Noyl Wendor
09-27-2006, 01:00 AM
One more thing. If I use resistors on the wires like in the diagram in the tutorial. That won't take away the power, and will keep anything from blowing out. Right?

09-27-2006, 05:33 AM
2aaa is only 3 volts how are you expecting that to work?

If you are trying to run a 9 volt battery and 2 aaa's then your screwed from the go as we have gone over that issue a few times.

The resistor/led prtection deal is really up to you. You will not really notice a difference with it in there, but it could help if you turn it on and there is no blade in the hilt.

Noyl Wendor
09-27-2006, 06:49 AM
I get it now. Best to go with the AAA battery hold that takes 8. That I can handle. After looking at the schematic (again) and a little more research, I found that would be easiest (as you had said before). My brain only works well when I have had a decent amount of sleep.
I think that someone said that the one that is at the shop won't work in an MHS. I could rig my own together.
Thanks again. You guys have been a big help.

09-27-2006, 07:19 AM
I understand the sleep thing totally!

The 8aaa that Tim has fits the MHS fine. The section that he heat shrinks in the middle is a bit too big for the ribbed section but that is it.
The 4 and 8 AA packs are the ones that work in sink tubes but not MHS, that may have been what someone mentioned.

I only use the 8aaa and 4aaa for my MHS hilts. Keeps it clean, simple, and compact. There are the side by side aa packs that fit the MHS but they are more for a LED setup the EL. I have the 6aa side by side that I am driving a 5w LED with and my only complaint is that you HAVE to have an extension for the pack to fit.

Noyl Wendor
09-27-2006, 07:59 AM
I found that I can use the side by side AAA holder. 4 are required, and serializing them can be a pain, I tried it. So I went and grabbed two of the 4 AAA holders. Works perfect. I had to switch up my design but it still looks good.
I plan on adding a sound board later. Haven't decided which one. But like I said, that will be later. I just want to leave myself some room for making modifications.
Thanks again for your help.

Noyl Wendor
09-27-2006, 09:46 AM
If I connect the two red wires and the two black wires on both my 4x AAA battery holders, then connect those to a nine volt connector, will I still get the 12 volts I need for the inverter?
Or should I try something fancy and solder them at the terminals and blow up the whole rig? :lol:

09-27-2006, 10:02 AM
Nope that woukld give you 6 volts with twice the amperage.

What you want to do is tie one red to one black one the two holders. that will leave you with a red and black to supply 12 volts power to the inverter. I also like to use the wired clips so that I can just snap the pack in and out.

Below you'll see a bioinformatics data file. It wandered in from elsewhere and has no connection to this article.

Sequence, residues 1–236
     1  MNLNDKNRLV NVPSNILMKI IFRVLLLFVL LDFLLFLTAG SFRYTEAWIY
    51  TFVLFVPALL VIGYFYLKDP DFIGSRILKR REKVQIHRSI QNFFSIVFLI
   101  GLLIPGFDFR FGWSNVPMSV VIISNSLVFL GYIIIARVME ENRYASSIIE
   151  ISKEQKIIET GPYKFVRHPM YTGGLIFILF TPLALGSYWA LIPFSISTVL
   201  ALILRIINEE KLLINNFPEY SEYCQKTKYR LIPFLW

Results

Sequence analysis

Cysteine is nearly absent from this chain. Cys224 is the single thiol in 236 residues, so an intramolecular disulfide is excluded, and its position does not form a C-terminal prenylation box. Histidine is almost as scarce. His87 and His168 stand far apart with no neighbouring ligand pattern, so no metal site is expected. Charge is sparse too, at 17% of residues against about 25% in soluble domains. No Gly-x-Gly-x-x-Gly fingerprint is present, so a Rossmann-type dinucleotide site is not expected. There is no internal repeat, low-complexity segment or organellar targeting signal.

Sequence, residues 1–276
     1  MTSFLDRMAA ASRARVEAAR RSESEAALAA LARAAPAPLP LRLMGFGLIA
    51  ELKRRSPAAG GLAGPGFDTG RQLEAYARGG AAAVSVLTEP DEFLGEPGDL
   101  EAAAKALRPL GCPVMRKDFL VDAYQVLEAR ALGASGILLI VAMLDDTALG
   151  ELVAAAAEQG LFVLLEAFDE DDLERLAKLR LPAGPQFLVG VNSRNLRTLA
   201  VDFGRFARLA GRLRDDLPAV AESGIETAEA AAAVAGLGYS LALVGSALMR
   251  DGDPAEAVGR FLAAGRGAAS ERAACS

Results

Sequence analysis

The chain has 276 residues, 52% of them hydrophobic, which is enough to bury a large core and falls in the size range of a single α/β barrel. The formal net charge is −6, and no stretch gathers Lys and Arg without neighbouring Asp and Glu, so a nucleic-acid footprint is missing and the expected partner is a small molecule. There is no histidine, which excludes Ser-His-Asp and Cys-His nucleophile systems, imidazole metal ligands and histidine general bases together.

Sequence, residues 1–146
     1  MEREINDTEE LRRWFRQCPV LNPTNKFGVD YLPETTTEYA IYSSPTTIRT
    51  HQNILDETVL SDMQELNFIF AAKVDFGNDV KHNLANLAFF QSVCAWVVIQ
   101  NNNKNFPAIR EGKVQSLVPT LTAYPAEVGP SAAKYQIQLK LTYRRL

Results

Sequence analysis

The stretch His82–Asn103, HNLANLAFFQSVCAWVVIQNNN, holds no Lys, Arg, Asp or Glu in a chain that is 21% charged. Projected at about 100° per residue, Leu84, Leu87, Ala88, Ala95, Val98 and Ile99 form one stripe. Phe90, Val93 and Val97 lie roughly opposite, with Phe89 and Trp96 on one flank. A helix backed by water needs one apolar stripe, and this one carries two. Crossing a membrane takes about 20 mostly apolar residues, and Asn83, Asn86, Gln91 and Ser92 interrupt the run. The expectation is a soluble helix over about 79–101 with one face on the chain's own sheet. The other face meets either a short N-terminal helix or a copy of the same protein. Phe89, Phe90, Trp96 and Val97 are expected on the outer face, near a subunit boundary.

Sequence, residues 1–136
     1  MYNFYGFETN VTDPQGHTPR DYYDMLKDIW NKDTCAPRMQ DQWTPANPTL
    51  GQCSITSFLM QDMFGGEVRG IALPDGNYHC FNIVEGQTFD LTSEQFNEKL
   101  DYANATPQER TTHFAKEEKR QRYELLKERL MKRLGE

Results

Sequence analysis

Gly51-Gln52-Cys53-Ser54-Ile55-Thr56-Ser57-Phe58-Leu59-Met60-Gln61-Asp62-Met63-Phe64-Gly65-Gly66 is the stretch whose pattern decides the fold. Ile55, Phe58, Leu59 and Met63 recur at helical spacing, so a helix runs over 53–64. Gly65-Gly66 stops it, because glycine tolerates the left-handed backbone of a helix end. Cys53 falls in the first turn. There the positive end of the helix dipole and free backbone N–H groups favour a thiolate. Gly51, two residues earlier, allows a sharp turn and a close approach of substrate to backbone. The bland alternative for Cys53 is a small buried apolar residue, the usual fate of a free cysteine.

battpack------------------------------------------------ to inverter
_____________________________________to inverter

Noyl Wendor
09-27-2006, 10:14 AM
Cool. That's easy.
One thing I notice about the diagram in the EL tutorial is the inverter set up is not quite the same as I have.
The two white wires go to the mono jack, and there is a 1mo resistor spliced in, the wires for the switch are set. As are the battery wires. Where would I put the 470 ohm resistor? Spliced in on the line to the batteries? Or spliced in on the line to the switch?
Did I say thanks for your help earlier? :oops:

09-27-2006, 10:51 AM
Someone please correct me if I'm wrong...

The 1 MOhm resistor is spliced in to bridge the two White wires before they connect to the mono, jack. The resistor is there to provide a load on the inverter in case you accidentally turn on the lightsaber with no blade attached. It's supposed to keep it from burning out.

The 470 ohm resistor is only used if you plan to put an LED between the Battery pack and the Inverter. I think it is used to reduce your 12 v down to the 3.2 volts that the LED can handle.

again, someone correct me if I'm wrong.

Noyl Wendor
09-27-2006, 11:22 AM
A 470 ohm resistor was suggested on one of the diagrams in the tutorial, that or a 270 ohm.
I guess the big question would be witch one to use? It looked to me like either one would do.

09-27-2006, 01:00 PM
what vadeblade said is correct.

The resistor on the mono jack leads was for load protection..but I have never used this setup..and never heard of someone blowing one of the inverters that I sell from not using one.

The resistor for adding a led depends on what your input voltage is and what the led is rated at.

Noyl Wendor
09-28-2006, 05:44 AM
So the one resistor near the mono jack would be fine. Well I have a tendency to go over board, so I might put both in. On the other hand not putting them in would make the work easier.
Naaa. The easy path is the way of the Sith. :lol:
I'll go with the one resistor. At least this way I'm getting the experience.

09-28-2006, 06:28 AM
......psssstt, I am gonna let ya in on a little secret...

You don't need any of the resistors if ya bought Tim's 4khz inverter. I didn't use any in my kid's sabers for the simple fact that there seems to be a cut-out circuit already in there. If you have your blade in and pop it out you know longer get any signs of the inverter being powered.(whine, heat, etc.) The kids pull there blades out and trade them back and forth plenty without killing power and there have been times where I have picked up after them, slapped a blade in the hilt after who knows how long it has been "on" and wham! I have a lit blade.

That whole setup was designed for older tech and while it may not be a bad thing to have in there, I really don't think it's necessary.

Now if your doing a LED in there for bling you will still want to use that portion of the setup.

Noyl Wendor
09-28-2006, 06:32 AM
Cool. That saves time. I'll get more experience later. I have become hopelessly addicted. :lol:

09-28-2006, 06:43 AM
Welcome to the addiction.

That's why I build them and then try to sell them off. I love builing them up.

Noyl Wendor
09-28-2006, 07:15 AM